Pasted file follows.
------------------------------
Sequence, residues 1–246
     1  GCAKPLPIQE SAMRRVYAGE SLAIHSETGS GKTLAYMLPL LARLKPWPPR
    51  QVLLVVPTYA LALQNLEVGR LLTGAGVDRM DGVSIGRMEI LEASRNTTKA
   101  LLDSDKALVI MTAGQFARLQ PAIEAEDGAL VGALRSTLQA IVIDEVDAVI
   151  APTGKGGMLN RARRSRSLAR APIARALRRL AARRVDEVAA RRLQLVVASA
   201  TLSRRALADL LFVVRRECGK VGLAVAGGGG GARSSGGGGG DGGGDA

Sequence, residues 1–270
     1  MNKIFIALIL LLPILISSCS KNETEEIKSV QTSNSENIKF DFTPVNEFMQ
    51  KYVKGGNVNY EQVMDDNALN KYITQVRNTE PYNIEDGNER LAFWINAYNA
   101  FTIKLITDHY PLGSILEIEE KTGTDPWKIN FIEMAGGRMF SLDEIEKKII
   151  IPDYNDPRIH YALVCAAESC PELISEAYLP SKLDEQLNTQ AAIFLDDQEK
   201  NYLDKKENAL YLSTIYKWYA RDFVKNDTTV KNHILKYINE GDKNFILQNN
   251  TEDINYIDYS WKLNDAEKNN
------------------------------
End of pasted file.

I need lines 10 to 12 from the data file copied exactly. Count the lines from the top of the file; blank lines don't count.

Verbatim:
   101  FTIKLITDHY PLGSILEIEE KTGTDPWKIN FIEMAGGRMF SLDEIEKKII
   151  IPDYNDPRIH YALVCAAESC PELISEAYLP SKLDEQLNTQ AAIFLDDQEK
   201  NYLDKKENAL YLSTIYKWYA RDFVKNDTTV KNHILKYINE GDKNFILQNN